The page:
Researchers Set New Record for the Strength of Metallic Materials

January 30, 2019

Researchers from the Technion and George Mason University have set a new record for the strength of metallic materials. Potential applications include ultra-strong light-metal wires that could hypothetically be considered for testing the “space elevator” idea as a new space transportation system of the future. The team’s metallic materials have the potential to meet the specific strength requirements for the cable material (alongside the carbon and Boron-Nitride nanotubes and diamond nanothreads) necessary for such a system.

The researchers investigated the mechanical properties of nickel nanoparticles under compression. The maximal strength of these particles, 34 Giga Pascals, is 3 times higher than the strength of micrometer-thin iron fibers which held the previous record of metal strength. For comparison, the ultimate strength of the strongest steels available on the market is in the range from 3 to 5 Giga Pascals. Their particles are the metal structures with the highest-ever measured strength. This achievement is based on unprecedented control of the configuration of the particle facets, and on the presence of thin surface layer of nickel oxide. The team’s findings were published recently in Nature Communications.

Principal investigators Professor Eugen Rabkin from the Department of Materials Science and Engineering at the Technion and Professor Yuri Mishin from George Mason University see this work as setting the path for investigation of the behavior of metallic materials under ultra-high mechanical loads.

“The strength of a material is an important property, which determines the range of its potential applications,” explained Professor Rabkin. “On an atomic level, the strength is determined by the type of chemical bonds between atoms. For example, a diamond is a very strong material due to the strong covalent (i.e. directional) bonds between the constituent carbon atoms. Aluminum, on the other hand, is relatively weak and ductile because the metallic bonds between its atoms are weak and isotropic.”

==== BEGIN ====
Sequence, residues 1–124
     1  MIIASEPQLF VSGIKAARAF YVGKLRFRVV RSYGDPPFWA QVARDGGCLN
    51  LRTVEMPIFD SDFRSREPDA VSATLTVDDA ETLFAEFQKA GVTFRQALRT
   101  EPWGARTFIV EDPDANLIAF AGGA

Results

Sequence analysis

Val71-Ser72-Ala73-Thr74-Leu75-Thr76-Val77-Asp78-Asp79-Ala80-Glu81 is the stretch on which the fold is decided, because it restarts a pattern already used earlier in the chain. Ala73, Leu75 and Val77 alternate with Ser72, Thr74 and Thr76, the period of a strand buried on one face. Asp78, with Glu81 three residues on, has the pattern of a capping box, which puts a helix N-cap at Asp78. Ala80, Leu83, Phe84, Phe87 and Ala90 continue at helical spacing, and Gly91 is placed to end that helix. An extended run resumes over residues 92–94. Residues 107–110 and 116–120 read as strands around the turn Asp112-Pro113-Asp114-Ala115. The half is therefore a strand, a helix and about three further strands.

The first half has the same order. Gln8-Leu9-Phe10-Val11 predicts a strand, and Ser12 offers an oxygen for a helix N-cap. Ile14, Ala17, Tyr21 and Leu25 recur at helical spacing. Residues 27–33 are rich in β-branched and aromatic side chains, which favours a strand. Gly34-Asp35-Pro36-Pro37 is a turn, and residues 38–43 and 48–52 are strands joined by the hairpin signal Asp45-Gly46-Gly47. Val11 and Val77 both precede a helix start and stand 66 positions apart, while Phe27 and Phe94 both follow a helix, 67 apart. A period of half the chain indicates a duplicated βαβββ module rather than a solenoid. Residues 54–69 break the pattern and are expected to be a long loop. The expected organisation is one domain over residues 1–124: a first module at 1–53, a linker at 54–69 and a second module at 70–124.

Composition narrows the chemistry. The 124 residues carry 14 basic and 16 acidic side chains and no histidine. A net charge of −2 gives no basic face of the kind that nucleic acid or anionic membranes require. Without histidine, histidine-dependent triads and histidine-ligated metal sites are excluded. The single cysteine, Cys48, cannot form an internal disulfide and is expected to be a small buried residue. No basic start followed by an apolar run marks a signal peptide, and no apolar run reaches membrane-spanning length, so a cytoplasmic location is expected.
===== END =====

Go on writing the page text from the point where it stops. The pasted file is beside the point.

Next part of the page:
Strong materials are obviously a central goal of science and technology research, which has brought many groups to pursue their development. Materials have a theoretical strength limit — much like the speed of light which constitutes the upper limit of the speed of matter and energy. According to Professor Rabkin, “we are aiming to approach the upper limit of the strength of a material, but, in actuality, we were very far from it due to defects in the atomic structure of the crystal. Therefore, for many years already, we are investigating the possibility of improving the quality of the crystal, to consequently increase its strength.”

In 2011, Professor Rabkin and Professor Dan Mordehai, Professor Bill Nix and Professor David Srolovitz, his colleagues at the Technion, Stanford and Princeton, respectively, synthesized gold nanoparticles exhibiting the strength approaching its theoretical limit. This was due to the unique structure of the particles they synthesized. However, the theoretical strength of gold is relatively low in comparison with other metals and therefore, the researchers attempted to apply the new technique to nickel.

The current research, which combined experimental and computational tools, resulted in nickel particles that exhibited much higher compression strength than their gold counterparts. “We were particularly surprised,” said Professor Rabkin, “because our particles were also stronger than expected from the previous computational estimates of the theoretical strength of nickel particles. It is like exceeding the speed of light in a vacuum. We carefully checked the calibration of our instruments, but the results were fully reproducible.”

To understand these findings, the researchers carefully characterized the nickel particles and confirmed their assumptions: blunt-edged particles exhibit higher strength than their sharp-edged counterparts. This discovery served as a motivation for a unique computational algorithm they then developed to simulate in computer the nanoparticles that vary in the character of their edges. Indeed, the computer simulations confirmed that the particles with rounded edges exhibit higher strength than the polyhedral particles of a similar size with sharp edges. Moreover, the computer simulations indicated that the thin oxide layer on the nickel particles serves as a “soft cushion” resulting in more homogeneous stress distribution within the particles, which further increases their strength.

As said, this study paves the way toward understanding the physical origins of materials strength, and generating stronger particles from different types of metals and alloys.

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